Powell and Roberts accounted for four of Naugatuck's six hits. Each had two with single safeties going to Schofield and Pelliccia.

"We're a very young team (the Greyhounds started six underclassman) and one, that unfortunately, can make mistakes because of their youth," said Naugatuck coach Kevin Wesche. "But we've been proud of these kids from the start of the season to the finish."

Naugatuck closed out its season with a 15-8 record and was the No. 12 seed.

Like Blude, Wesche has been a long-time coach. He's been the head man at Naugatuck for 15 years, one more than Blude has served at Law.

"We've been on softball committees together and we're familiar with each other's teams,” he said. “We usually scrimmage each year. Melanie is a good coach."

The two teams last met in 2015 when Law won a 7-5 Class L first-round home game.

Before driving in two, crucial runs in the seventh, Bender was called out two innings earlier after she left second base (after she had doubled) while Roberts was in the circle.

"In a situation like that, you either have to go (to third) or step back on second," Blude said. "I think she (Bender) was trying to get into the pitcher's head."

A defensive gem by Law in the sixth saved what would've been the tying run.

With one out, Roberts sliced a single to right. Schofield followed with her double to deep left center. By the time Law's Stein got to the ball, Roberts was between second and third and was being waved in. Jolley took the relay in short left before firing a perfect strike to O'Connor who tagged out Roberts.

Fired up by the play, Jolley started the seventh with a single, stole second before going to third on a passed ball. O’Connor, who had also had a base hit, moved to second and both runners scored when Bender drove the ball in the right-center field gap for a triple.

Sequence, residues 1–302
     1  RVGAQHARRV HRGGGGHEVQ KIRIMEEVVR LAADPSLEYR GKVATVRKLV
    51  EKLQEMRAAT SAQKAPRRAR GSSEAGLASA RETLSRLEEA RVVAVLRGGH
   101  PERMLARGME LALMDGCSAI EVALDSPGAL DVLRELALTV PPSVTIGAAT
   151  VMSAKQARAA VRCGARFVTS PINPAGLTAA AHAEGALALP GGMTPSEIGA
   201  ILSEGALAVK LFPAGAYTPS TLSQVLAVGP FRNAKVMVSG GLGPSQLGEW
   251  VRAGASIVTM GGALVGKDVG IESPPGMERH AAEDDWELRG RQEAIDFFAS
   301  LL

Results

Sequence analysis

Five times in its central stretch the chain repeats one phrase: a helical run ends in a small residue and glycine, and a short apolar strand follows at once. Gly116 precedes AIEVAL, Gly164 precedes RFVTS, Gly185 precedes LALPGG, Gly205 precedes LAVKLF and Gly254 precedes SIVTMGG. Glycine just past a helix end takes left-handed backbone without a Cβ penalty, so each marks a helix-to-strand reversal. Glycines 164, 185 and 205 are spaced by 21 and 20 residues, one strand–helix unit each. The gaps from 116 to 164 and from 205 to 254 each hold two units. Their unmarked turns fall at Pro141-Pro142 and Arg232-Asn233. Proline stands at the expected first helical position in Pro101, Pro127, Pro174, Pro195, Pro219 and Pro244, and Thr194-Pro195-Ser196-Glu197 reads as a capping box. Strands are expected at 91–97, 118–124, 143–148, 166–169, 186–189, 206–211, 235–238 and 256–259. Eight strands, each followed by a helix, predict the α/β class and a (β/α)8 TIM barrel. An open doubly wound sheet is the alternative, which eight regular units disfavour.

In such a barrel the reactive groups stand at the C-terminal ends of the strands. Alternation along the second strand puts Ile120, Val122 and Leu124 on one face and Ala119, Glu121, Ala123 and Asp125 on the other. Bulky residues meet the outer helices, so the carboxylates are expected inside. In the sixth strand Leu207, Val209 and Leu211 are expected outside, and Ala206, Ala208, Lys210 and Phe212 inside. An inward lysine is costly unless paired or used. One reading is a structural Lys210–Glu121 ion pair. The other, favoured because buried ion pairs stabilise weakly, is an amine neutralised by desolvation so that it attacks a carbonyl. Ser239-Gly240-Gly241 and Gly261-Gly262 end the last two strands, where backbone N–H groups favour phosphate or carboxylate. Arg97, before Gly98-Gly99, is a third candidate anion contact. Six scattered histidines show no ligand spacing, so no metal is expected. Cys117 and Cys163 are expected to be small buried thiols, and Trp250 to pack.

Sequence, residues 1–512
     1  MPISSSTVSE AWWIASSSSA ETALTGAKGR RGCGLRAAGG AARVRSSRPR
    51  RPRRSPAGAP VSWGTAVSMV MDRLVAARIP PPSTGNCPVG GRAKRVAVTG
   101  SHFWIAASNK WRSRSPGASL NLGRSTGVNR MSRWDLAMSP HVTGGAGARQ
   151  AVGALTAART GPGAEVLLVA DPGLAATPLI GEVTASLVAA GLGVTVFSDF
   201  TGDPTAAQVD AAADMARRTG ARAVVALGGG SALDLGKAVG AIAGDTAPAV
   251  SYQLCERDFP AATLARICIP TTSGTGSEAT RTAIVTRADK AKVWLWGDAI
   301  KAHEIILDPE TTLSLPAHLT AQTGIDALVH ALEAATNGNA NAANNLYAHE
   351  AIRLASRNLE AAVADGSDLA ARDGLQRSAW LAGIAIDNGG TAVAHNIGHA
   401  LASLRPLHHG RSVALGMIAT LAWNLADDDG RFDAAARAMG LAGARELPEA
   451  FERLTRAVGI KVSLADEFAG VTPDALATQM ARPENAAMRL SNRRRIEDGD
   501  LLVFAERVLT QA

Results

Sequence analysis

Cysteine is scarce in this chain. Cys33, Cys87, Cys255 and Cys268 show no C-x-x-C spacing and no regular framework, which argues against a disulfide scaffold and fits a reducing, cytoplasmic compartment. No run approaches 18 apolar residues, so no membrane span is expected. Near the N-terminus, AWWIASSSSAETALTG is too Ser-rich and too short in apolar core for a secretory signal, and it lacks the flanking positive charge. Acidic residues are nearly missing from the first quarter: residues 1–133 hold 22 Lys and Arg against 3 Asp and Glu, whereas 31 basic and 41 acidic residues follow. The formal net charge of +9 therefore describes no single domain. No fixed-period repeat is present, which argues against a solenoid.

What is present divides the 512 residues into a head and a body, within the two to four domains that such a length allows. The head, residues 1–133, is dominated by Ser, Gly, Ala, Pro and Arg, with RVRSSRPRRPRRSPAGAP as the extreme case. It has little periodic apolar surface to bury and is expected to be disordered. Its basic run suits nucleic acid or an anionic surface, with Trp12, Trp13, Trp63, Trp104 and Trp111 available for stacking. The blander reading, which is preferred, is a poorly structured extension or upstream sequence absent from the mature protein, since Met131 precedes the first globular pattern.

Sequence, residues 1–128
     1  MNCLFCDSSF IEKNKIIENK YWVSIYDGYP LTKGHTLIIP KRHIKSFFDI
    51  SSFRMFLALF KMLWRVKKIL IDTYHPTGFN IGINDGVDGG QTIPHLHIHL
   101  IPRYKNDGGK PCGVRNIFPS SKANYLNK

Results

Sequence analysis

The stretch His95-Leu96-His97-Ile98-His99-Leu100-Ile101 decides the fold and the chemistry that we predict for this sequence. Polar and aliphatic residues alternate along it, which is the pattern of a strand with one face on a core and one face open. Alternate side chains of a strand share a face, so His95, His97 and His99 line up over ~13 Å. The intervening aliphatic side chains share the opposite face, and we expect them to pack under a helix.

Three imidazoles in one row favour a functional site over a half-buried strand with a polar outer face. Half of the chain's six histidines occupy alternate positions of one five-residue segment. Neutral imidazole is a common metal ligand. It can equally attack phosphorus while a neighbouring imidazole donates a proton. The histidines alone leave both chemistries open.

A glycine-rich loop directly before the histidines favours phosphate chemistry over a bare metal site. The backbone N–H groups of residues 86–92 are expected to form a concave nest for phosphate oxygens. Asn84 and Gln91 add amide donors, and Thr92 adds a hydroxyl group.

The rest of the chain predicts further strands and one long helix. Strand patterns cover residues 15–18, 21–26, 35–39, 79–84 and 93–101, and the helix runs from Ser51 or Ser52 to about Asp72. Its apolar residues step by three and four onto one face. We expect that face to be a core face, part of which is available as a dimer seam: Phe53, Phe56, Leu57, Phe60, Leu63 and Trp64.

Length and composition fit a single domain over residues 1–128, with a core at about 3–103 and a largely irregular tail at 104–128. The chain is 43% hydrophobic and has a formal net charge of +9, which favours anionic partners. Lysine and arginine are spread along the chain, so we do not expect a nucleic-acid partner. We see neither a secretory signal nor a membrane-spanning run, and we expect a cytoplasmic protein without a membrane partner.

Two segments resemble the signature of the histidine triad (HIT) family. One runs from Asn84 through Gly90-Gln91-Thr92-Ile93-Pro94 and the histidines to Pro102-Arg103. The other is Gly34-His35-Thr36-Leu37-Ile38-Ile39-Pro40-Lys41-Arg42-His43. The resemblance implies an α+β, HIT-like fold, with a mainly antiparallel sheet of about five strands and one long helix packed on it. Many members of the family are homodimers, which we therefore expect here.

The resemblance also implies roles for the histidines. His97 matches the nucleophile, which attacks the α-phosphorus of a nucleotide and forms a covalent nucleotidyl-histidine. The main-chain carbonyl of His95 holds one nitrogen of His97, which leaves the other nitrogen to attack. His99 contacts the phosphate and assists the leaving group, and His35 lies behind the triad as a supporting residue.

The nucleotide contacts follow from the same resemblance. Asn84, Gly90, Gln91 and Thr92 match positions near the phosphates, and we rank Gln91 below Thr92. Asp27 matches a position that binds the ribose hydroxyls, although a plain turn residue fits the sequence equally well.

"That was a two-strike bomb (Bender's hit)," Blude said. "What I like about Sky is she's unlike a lot of kids who will take a defensive stand with two strikes on them. She always comes up pounding no matter how many strikes she has on her."

It was Senior Skip day on Friday at Law, but, because Bender and O'Connor, the teams' only seniors, wouldn't have been able to play by being absent, they had to go to school. They were no doubt the only ones there.

"I took a test (for Clinical Nursing) and then I sat around all day," said Bender who will pursue a degree in nursing while attending Southern Connecticut State University beginning in the fall.

Everyone on the team was anxiously awaiting the encounter with an undefeated (23-0) and top seeded Masuk team, scheduled for Tuesday at 4 p.m. at West Haven's Frank Biondi Field.

 "What we can't afford to do is give them any runs," Bender said. "Sure, they've undefeated. We'll just have to try our hardest and, if we get the win, then its on to the championship game."

If that happens, it would give the Law softball team an opportunity to win the school's first title in that sport in 38 years.